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New analysis highlights persistent Tiger trafficking

Geneva, Switzerland, 21st August 2019—There has been no respite for the heavily hunted Tiger with an estimated average of over 120 individuals seized each year over the past 19 years, a new TRAFFIC analysis revealed today.

Overall, the analysis estimated that 2,359 Tigers were seized from 2000 to 2018 across 32 countries and territories globally, resulting from 1,142 seizure incidents. The vast majority, around 95% of these seizures were recorded in countries that are home to Tigers.

India, with the world’s largest wild Tiger population, remains the country with the highest overall number of seizures and the most Tigers seized, consistent with findings from previous years. It accounted for 40.5% of total incidents (463) and 26.5% of tigers seized (626).

Outside the Tiger’s range, a total of 56 seizures were recorded, of which Taiwan Province of China and Mexico reported the largest number of Tigers seized throughout the 19-year period: 39 and 13 Tigers from 7 and 13 seizure incidents respectively.

Skin and Bones Unresolved: An Analysis of Tiger Seizures from 2000-2018, the fourth report in TRAFFIC’s series on tiger trade, reinforces that Tiger skins remain as the single most frequently seized tiger part—on average every year, almost 58 whole Tiger skin equivalents were seized.

We have done these analyses four times now and year on year, its more bad news for Tigers. The poaching and illegal trade in Tigers has been a decades-long unresolved problem that has piled the pressure on wild Tiger strongholds,” said Kanitha Krishnasamy, TRAFFIC’s Director for Southeast Asia and an author of the report.

“This pernicious trafficking—evidenced by the continuously high number of whole skins, whole animals—both dead and alive—and bones is testament to the ongoing demand for Tiger parts. The time for talking is over: words must be turned into action to prevent further Tiger loss.”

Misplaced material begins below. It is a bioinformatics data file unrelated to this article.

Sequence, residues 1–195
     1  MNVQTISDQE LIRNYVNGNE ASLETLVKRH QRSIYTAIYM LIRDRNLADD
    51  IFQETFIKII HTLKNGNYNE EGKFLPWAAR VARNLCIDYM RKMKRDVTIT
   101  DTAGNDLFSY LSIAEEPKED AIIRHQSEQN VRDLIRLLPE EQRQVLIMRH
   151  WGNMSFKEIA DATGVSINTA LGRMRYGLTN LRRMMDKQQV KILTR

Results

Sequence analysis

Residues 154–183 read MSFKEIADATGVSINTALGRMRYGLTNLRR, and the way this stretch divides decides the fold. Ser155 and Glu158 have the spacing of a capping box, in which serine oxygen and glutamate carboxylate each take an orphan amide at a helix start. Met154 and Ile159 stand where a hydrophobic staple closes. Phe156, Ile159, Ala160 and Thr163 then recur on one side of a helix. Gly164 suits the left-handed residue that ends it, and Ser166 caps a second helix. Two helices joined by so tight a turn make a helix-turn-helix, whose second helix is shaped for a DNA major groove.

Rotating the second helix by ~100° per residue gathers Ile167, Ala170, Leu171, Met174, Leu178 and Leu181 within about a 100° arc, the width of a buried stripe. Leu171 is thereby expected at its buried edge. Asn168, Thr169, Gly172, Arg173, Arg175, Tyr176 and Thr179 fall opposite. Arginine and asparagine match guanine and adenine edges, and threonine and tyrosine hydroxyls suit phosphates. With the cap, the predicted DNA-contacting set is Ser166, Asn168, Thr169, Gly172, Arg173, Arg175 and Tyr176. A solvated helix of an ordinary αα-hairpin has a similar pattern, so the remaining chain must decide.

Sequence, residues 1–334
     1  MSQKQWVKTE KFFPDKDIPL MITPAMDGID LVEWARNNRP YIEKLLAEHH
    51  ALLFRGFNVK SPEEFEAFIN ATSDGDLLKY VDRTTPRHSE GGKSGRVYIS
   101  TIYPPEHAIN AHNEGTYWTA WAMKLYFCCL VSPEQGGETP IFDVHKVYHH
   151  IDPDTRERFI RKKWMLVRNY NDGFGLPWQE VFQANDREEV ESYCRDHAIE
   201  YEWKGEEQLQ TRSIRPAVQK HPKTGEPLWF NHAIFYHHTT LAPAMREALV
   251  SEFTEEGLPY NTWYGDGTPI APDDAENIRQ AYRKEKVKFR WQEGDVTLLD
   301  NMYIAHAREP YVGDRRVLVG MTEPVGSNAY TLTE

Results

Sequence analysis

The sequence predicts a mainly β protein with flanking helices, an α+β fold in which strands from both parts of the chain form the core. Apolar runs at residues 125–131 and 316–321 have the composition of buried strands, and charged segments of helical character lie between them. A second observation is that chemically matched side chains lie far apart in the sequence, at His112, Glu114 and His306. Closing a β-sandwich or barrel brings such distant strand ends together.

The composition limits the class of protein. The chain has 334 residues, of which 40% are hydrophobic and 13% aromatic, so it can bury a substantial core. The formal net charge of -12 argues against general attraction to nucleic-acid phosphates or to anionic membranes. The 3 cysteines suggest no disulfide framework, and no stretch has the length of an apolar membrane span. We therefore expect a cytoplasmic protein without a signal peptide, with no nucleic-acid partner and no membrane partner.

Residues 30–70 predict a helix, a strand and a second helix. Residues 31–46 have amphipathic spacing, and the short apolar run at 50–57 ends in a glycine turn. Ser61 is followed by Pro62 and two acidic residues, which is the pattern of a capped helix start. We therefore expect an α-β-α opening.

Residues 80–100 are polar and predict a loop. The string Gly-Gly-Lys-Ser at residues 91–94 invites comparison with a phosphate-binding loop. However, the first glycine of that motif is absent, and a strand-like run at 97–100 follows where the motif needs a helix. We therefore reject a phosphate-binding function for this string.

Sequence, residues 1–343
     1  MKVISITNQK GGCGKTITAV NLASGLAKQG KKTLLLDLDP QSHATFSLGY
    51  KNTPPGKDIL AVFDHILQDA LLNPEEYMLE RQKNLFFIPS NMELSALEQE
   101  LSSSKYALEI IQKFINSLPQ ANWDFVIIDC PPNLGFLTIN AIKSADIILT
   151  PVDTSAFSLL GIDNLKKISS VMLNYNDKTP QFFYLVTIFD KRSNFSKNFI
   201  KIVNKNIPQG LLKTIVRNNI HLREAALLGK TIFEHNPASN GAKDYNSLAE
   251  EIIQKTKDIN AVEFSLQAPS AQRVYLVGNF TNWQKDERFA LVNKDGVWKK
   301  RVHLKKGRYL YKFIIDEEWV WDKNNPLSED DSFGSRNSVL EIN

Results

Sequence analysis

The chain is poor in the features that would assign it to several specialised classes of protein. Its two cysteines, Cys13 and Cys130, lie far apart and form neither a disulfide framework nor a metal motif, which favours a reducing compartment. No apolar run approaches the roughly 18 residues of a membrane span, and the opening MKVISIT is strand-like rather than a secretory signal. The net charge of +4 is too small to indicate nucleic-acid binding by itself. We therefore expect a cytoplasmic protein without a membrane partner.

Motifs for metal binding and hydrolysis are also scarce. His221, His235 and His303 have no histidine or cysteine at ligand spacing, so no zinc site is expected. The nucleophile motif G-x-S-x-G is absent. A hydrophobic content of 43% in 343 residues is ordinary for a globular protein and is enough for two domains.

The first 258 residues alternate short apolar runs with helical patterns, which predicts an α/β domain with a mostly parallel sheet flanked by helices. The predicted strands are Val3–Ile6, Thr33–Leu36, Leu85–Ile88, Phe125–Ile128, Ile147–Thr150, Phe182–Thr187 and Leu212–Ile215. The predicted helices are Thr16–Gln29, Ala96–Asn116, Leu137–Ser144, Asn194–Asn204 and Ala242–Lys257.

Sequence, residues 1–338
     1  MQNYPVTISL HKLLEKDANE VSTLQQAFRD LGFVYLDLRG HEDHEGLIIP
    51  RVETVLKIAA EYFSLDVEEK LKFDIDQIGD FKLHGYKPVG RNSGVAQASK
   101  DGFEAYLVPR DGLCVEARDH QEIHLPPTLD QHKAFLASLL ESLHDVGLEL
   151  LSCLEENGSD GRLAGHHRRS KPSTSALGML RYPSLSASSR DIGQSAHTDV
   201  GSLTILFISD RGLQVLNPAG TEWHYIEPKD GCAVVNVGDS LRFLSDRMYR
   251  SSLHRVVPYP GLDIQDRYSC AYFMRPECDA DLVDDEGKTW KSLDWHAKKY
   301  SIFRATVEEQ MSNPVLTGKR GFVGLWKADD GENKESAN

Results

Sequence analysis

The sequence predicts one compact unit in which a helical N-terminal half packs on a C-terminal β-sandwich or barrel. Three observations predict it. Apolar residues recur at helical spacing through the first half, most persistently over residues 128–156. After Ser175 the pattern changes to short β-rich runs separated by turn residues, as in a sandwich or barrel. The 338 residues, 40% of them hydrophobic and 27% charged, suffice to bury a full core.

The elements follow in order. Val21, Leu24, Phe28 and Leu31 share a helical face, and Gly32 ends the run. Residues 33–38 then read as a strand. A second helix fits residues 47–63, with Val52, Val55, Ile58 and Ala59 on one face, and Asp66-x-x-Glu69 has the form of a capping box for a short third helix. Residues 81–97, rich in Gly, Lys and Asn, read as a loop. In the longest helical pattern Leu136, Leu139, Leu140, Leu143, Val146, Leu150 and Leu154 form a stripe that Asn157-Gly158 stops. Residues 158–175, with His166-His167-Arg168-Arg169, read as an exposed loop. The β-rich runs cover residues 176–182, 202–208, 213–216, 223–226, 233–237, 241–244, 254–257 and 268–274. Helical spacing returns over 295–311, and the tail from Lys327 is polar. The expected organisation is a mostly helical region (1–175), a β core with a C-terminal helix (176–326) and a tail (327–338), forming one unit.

Analysis of the more recent years of the dataset turned up a few surprising findings including a four-fold increase in the yearly average seizure incidents in Indonesia between 2015-2018 and an almost-doubling of the numbers of Tigers involved as a result. Even now, Indonesia continues to see large Tiger parts seizures including one earlier this month of at least a dozen Tiger skins in an East Javan workshop that made traditional dance masks.[1]

The authors said a significant number of Tigers from captive sources were seized during this period and that it underpinned the recurrent threat regarding the leakage of captive Tigers into the illegal market.

The study found over half (58%) of the Tigers seized in Thailand and 30% in Viet Nam were identified as originating from captive breeding facilities, with the largest proportion coming from a single seizure of 187 Tigers in Thailand in 2016. Overall, a minimum of at least 366 tigers from known or suspected captive sources were seized over the assessed period.

“Seizures of Tigers from captive facilities continue and serve as a stark reminder that such facilities seriously undermine conservation efforts to safeguard this species and provide opportunities for laundering and other illegal activities,” said Ramacandra Wong, a Senior Crime Analyst with TRAFFIC in Southeast Asia.

And when looking at available information on the reported trafficking routes, from just 231 incidents, almost 90% of Viet Nam’s reported Tiger trafficking route implicated a supply of Tigers from Lao PDR. Given that Lao PDR has no viable wild Tiger population, the most plausible source of these Tigers was from captive populations, the study reported.

Just days ahead of World Tiger Day on 29th July 2019, Vietnamese authorities seized seven frozen tiger carcasses from a vehicle in Ha Noi from a suspect believed to have smuggled tigers from Lao PDR for years.

The study was launched to coincide with discussions around the trade in Tigers and other big cat species taking place between world governments meeting in Geneva for the 18th meeting of the Conference of the Parties to the Convention in International Trade in Endangered Species of Wild Fauna and Flora (CITES).

The authors call for the full and effective implementation of CITES Resolution Conf. 12.5 (Rev. CoP17) on Asian big cats (ABCs) and the associated CoP Decisions which recommend a slew of actions covering improved legislation, enforcement, record keeping and actions to prevent Tiger parts and derivatives from captive breeding facilities from entering the illegal trade chain.

Currently there are around 3,900 wild Tigers left in the wild.

© Scoop Media

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